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Opinion: Barron Building restoration a celebration for Calgary and a win for heritage

Updated: May 9, 2023

Source: Calgary Herald .............................................................................................................

Irena Karshenbaum

Calgary Mayor Jyoti Gondek, Strategic Group CEO Riaz Mamdani and Skyview MP George Chahal take part in a ceremonial sod turning at the official launch of the redevelopment of the Barron Building in downtown Calgary on Wednesday, March 15, 2023. Strategic Group is redeveloping the downtown historic office tower into a residential building. Gavin Young/Postmedia Gavin Young/Postmedia


On March 15, with shovels in hand and smiling, Strategic Group CEO Riaz Mamdani was pictured with Mayor Jyoti Gondek and Skyview MP George Chahal for a ceremonial sod turning, announcing the residential conversion and restoration of the 1951 Barron Building.


Considering how often Calgary’s heritage assets have met tragic ends, this was a miracle.


At the heart of many stories, the Barron Building has been home to countless workers of Sun Oil, Shell and other companies and the Barron family once hosted swanky parties in their penthouse. My earliest memories go back to the 1980s when, as a teen, I browsed the fun knickknacks at Chess & Games Galore (owned by John and Linda Barron, I later learned), and spent evenings in the 1990s and 2000s at the Uptown Theatre with excited audiences watching great foreign films, as if a scene out of Cinema Paradiso.


They say that what is meant to be is meant to be. In 2005, at a community gathering, I met Linda Barron. Intrigued by her last name, I asked if she had a connection to the Barron Building and learned that the grandfather of her husband, John Barron, built the building. My relationship with the Barron family grew along with my knowledge of their storied building.


When oil was found in Leduc in 1947, J.B. Barron (1888-1965) saw that Calgary desperately needed office space. As he secured more tenants, his office tower grew to 10 floors, crowned by a penthouse on the 11th, for himself and his law firm Barron & Barron.


With its stepped-back form and vertically prominent central bay, Barron had the vision – was he looking to the Rockefeller Centre in New York? – to create what has become Calgary’s best Art Moderne asset.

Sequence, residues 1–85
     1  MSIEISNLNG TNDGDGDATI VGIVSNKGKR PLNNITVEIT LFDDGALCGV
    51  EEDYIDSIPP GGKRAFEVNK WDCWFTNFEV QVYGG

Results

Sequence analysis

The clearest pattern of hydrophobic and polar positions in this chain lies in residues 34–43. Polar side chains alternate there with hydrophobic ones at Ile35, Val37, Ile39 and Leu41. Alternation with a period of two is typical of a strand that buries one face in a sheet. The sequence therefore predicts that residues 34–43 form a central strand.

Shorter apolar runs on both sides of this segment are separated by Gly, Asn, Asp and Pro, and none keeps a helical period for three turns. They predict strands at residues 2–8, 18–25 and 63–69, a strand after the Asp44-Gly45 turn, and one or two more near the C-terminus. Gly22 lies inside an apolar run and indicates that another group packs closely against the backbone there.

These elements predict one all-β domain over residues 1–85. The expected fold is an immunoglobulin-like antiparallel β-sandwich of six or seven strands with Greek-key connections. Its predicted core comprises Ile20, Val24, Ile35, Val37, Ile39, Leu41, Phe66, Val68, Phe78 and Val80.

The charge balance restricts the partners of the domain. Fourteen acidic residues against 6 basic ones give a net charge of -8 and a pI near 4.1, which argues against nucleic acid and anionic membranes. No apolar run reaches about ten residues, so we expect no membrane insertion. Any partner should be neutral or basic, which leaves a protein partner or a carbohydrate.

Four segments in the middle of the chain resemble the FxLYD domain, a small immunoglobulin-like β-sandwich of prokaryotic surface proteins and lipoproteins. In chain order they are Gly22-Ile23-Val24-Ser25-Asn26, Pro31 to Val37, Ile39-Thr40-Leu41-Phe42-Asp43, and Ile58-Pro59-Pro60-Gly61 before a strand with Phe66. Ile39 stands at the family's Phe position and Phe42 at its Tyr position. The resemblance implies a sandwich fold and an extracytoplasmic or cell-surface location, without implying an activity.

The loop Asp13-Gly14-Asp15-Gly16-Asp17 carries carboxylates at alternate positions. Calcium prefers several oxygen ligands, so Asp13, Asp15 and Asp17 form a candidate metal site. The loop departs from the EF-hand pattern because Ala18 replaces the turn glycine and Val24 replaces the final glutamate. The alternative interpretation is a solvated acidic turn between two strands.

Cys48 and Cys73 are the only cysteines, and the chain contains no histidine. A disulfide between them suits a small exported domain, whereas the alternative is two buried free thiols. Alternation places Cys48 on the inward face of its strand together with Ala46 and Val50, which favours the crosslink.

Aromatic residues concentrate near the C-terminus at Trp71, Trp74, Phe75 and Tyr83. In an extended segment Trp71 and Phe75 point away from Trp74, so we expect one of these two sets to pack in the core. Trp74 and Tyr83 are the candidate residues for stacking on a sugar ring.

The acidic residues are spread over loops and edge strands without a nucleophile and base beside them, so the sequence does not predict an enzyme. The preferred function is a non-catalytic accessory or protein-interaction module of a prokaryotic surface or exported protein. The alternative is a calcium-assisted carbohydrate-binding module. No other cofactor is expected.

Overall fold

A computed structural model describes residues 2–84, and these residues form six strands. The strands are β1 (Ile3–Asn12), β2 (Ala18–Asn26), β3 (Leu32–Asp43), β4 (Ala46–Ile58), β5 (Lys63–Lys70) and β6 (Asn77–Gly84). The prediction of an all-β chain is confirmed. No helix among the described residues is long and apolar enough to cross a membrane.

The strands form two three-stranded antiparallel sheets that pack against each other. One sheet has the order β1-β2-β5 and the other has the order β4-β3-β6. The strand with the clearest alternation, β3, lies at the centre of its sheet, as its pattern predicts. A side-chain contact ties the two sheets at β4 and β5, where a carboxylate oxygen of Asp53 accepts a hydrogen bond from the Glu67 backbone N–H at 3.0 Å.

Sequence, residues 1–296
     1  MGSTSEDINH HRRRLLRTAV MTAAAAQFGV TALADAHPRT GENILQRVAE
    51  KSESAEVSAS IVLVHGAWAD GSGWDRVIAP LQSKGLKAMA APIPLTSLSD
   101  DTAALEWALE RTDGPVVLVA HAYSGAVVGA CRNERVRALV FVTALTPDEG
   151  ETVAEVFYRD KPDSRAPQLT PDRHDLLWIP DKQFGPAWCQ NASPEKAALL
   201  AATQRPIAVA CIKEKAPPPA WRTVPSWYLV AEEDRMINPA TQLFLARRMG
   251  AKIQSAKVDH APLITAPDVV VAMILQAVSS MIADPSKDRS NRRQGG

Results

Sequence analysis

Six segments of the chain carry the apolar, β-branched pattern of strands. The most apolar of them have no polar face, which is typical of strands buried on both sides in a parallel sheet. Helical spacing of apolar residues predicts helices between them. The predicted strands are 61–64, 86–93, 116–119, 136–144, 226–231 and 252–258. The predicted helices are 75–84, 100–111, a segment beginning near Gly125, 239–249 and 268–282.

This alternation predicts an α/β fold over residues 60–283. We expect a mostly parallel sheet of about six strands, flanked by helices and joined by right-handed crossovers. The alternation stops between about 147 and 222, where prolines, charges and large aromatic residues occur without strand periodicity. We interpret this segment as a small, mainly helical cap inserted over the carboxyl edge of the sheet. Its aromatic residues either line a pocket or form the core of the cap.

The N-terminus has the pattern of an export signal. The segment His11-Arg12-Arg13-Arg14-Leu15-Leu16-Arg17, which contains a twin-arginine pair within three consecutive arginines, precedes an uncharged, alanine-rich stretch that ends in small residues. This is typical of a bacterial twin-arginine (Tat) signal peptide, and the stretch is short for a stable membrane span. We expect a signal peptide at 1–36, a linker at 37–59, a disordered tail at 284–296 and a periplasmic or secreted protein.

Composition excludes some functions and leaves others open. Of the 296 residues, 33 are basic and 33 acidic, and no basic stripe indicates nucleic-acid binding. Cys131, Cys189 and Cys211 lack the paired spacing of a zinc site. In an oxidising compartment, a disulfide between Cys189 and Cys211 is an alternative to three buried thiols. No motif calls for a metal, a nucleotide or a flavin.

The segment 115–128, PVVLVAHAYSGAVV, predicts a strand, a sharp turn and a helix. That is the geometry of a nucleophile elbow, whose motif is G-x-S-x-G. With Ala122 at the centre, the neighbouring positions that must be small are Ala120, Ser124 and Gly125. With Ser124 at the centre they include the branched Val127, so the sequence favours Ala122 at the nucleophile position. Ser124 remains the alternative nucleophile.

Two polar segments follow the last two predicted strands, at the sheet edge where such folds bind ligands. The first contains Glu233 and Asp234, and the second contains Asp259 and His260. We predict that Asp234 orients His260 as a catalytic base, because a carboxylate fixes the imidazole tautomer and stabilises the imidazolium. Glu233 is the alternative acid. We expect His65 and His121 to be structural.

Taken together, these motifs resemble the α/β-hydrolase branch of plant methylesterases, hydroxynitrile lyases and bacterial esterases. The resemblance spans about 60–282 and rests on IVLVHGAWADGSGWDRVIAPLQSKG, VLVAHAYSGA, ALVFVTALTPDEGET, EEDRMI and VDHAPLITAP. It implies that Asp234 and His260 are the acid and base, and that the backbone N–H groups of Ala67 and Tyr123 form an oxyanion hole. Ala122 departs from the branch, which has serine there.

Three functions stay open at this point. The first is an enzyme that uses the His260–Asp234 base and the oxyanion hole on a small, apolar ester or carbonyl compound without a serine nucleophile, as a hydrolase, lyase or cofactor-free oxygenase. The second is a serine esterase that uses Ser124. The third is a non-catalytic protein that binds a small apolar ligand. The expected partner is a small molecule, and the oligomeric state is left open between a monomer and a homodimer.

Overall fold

He wasn’t some neophyte who, through dumb luck, stumbled his way into building a work of art. Highly educated (receiving a law degree from the University of Chicago), Barron worked as a lawyer, but his passion was for the arts and being a theatre impresario. He brought to Calgary such greats as violinist Jascha Heifetz in 1924 and composer and pianist Sergei Rachmaninoff in 1925.


Calgary’s Strategic Group is redeveloping the Barron Building, a downtown historic office tower, into a residential building.Gavin Young/Postmedia


In 1981, the Barron family sold the building and in 1992, it came into the hands of Blake O’Brien, a young banker, who made the Uptown Theatre flourish.


In 2009, it was bought by Strategic Group and its future came into question when the company discarded the contents of the penthouse, removed its character-defining theatre marquee and closed the Uptown Theatre.


Between 2007 and 2013, I wrote several articles, gave public talks and in 2012 wrote the submission that included the Barron Building on that year’s National Trust of Canada’s Top Most Endangered Places List. This advocacy helped raise awareness of the significance of the building. Representatives of Strategic Group attended my talk for Historic Calgary Week in 2012 and, in the fall of that year, I was invited to meet with Riaz Mamdani who showed me his plans for the building. I asked him to restore the Barron Building to the highest heritage standards and make it the jewel in his Strategic crown. I left the meeting unsure of a positive outcome. Later, several groups wrote to provincial and municipal governments and, in response, in 2014, a Historic Resources Impact Assessment was ordered. Things stewed for almost 10 years.


Strategic Group will be receiving an $8.5-million incentive from the City of Calgary for this restoration project, but this is a relatively small amount considering their $100-million investment. Mamdani and Strategic Group should be celebrated for restoring the Barron Building and I hope their work will inspire other heritage building owners to choose the path of restoration.


Further, as citizens, we have a responsibility to advocate and use legal resources as public policy, and ultimately how we live, is shaped by the people.


Irena Karshenbaum is a writer, historian and heritage advocate.

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